Tag Archives: donald duck’s birthday

Donald Duck Turns 86!

It’s June 9, and that means I can’t let the day go by without acknowledging that it is the birthday of my favorite animated character: Donald Duck. Donald Duck debuted in the 1934 short The Wise Little Hen and it wasn’t long before he joined Mickey and the gang becoming one of the most popular characters in the world. The past few years, I’ve marked the occasion with a post about one of the four Walt Disney Treasures releases of The Chronological Donald Duck. Well, I’ve run out of them! I’ve shared my thoughts on all four volumes now, so this year I’m giving you a quick post about some of the Donald Duck merchandise I’ve acquired over the past year.

Now it should be said, the best way to celebrate Donald Duck these days is via Disney+. Not to sound like a commercial, but Disney+ is the most convenient way to get your Donald fix as there are a handful of classic shorts, movies that feature Donald, episodes of Disneyland also featuring Donald, and even an exclusive series definitely worth watching called Legend of the Three Caballeros. To celebrate Donald’s birthday, Disney even added a Donald Duck section to Disney+ to make it easier to find stuff featuring everyone’s favorite waterfowl. It was long overdue too, as finding Donald shorts was a pain on the platform.

Everyone in my family knows I’m nuts for that duck, so Donald themed gifts are an easy way to my heart. The only challenge is getting to them before I do. This clock I keep on my nightstand is something I bought for me, and I actually bought it nearly 10 years ago so unlike everything else this one is not from the past year. I just felt it was worth sharing. It’s a sculpture featuring the classic black and white Donald from 1934 alongside a more modern Donald. It was commissioned to celebrate his 65th birthday and the actual clock is a pocket watch which is removable. It even came with a thick, gold colored, chain if you wish to sport it as a traditional pocket watch. I have only done so on one such occasion: my wedding. You’re damn right I was repping Donald on my wedding day.

This key-shaped ornament is something I acquired a year to the day. It was an item sold on Donald’s birthday last year in celebration of his 85th birthday. Some other merch was available too, like pins, but I’ve resisted the temptation to become a Disney pin collector. These keys are something the Disney Store turns to often to get people into the store. Basically, they’re first come, first serve and you have to buy them. I don’t remember what it cost, but apparently Disney collectors love them as there was a huge line before opening the day these came out by me. I was almost in trouble too as my kids had seen the advertisement for this thing ahead of time and I told them, “Sure, we’ll go get the special Donald key.” When we arrived to see that line I had to start preparing them for the possibility we might get shut out. We were fortunate though and managed to receive one of the last ones and it’s hung on my wall ever since.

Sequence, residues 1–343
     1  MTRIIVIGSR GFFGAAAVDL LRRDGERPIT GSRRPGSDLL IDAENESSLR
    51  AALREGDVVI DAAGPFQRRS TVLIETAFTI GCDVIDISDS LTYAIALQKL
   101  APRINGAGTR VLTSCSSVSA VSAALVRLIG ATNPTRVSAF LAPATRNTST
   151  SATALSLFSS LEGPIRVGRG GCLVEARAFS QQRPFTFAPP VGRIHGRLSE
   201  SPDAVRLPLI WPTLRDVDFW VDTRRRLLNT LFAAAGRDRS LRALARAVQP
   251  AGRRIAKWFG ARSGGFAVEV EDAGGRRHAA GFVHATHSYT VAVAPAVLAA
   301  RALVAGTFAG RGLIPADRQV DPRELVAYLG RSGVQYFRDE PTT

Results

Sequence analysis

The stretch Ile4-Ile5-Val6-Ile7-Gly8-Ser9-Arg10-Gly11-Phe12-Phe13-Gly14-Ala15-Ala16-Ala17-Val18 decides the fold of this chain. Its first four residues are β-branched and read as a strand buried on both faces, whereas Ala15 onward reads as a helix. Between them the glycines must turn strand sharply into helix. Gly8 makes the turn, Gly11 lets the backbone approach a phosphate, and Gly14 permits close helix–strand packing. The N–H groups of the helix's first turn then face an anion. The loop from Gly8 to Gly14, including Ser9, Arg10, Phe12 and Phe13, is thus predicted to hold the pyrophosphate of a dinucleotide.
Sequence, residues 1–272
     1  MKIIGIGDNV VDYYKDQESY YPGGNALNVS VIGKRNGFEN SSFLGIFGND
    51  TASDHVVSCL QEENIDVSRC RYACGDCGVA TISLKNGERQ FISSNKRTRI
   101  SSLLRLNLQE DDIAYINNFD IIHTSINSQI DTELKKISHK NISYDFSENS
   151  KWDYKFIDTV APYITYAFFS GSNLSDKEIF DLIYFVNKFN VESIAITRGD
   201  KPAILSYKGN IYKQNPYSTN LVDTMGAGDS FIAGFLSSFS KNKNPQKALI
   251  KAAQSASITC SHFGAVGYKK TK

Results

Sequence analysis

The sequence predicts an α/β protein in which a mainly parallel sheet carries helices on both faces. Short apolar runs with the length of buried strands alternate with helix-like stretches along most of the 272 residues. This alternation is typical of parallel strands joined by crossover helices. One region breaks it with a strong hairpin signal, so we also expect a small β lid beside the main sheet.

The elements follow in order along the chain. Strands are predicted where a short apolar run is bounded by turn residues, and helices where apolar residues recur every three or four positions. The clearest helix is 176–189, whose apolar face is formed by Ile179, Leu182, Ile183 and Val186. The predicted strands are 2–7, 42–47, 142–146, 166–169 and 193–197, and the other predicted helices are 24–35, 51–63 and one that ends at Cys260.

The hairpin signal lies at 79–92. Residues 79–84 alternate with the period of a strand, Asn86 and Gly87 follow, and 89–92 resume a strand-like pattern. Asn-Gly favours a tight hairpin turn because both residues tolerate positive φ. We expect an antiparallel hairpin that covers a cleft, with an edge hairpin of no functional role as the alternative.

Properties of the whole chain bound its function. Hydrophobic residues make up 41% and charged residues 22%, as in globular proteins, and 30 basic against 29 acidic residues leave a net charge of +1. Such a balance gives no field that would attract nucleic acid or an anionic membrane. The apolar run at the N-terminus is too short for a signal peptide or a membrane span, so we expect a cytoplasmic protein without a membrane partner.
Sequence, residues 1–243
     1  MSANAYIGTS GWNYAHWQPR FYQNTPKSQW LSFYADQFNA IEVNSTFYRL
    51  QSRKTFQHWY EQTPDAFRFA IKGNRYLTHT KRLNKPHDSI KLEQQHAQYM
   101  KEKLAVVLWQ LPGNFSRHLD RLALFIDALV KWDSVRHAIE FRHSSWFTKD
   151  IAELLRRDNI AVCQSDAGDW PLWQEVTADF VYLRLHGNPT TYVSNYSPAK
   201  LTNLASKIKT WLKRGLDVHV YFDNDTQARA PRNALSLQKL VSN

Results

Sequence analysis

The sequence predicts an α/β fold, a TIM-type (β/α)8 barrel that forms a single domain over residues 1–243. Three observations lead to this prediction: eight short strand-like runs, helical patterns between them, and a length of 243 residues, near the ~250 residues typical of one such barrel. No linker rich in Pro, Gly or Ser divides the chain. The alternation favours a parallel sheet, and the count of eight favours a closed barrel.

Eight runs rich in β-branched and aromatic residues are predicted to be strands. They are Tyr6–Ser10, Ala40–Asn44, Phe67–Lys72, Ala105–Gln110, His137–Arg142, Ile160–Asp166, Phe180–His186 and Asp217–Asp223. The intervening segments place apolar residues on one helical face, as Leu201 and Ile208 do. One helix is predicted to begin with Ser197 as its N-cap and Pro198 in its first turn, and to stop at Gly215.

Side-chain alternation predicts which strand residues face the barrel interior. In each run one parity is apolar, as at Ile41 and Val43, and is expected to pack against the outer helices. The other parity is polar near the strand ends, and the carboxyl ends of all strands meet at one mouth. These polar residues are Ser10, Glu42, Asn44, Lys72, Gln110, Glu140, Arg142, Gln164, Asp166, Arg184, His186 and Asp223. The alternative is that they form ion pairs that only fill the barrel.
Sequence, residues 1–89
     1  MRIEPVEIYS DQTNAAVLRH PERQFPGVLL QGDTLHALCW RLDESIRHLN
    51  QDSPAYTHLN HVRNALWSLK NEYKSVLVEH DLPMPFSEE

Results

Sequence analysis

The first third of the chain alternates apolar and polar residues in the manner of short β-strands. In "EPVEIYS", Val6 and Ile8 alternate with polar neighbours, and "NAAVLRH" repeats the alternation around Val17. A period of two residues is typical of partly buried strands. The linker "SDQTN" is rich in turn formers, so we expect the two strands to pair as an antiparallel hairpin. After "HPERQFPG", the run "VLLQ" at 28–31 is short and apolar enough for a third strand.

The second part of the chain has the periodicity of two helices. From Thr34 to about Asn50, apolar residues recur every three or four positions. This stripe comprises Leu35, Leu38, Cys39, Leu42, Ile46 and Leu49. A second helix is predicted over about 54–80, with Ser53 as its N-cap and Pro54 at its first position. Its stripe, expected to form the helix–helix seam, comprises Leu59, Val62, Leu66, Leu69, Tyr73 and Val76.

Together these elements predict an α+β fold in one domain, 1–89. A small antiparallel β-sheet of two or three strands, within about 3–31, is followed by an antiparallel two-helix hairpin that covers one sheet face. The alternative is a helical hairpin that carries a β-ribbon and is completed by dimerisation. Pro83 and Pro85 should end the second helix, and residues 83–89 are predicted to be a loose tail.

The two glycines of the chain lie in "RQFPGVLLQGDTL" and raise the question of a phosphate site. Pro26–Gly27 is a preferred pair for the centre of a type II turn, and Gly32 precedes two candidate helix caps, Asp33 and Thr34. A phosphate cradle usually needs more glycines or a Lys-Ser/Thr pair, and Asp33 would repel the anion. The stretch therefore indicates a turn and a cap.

These slippers were a Christmas gift from my wife and kids last year. They’re by a company called Happy Feet, and I liked them so much that I got my wife some for Valentine’s Day (Santa also brought some for my kids). Happy Feet makes two styles of slippers: big, puffy, character head ones like these, and also a zipper slipper that’s a more conventional slipper shape, but has a removable toe section. They’re called Zlipperz and they’re pretty neat. They do have Donald ones and I may have to grab a pair of those eventually to pair with these. These ones are super comfortable, though with the weather heating up I’m wearing them less and less. I’m sure they’ll wait patiently for me to turn to them this Fall when the weather cools.

Lastly, how about some Christmas in July June? These are some ornaments that were released for Christmas 2019 and if you read this blog regularly you know how I feel about Christmas. The one on the left is a traditional globe-styled ornament in a heavy-duty box. The ornament features redrawn images from the classic Christmas short Toy Tinkers starring Donald Duck alongside Chip and Dale. The middle ornament is a tin lunchbox with artwork from the latest edition of DuckTales adorning it. It opens to reveal a tiny thermos as well. Donald is featured on both the lunch box and the thermos and both also have a little eyelet to attach a hook to hang from a tree. It has yet to hang from one of my trees though as I actually got this after the holidays when it was on sale (FYI – right now is prime Christmas ornament buying season as Hallmark makes room for the coming year). And on the right, we have another commemorative ornament celebrating Donald’s 85th birthday. It’s double-sided with one side featuring a sculpture of a black and white Donald and the other featuring a modern interpretation. A circular medallion featuring the number 85 is affixed to the string from which it’s supposed to hang. Beware though, this sucker is pretty heavy for an ornament and can tumble easily from a Christmas tree.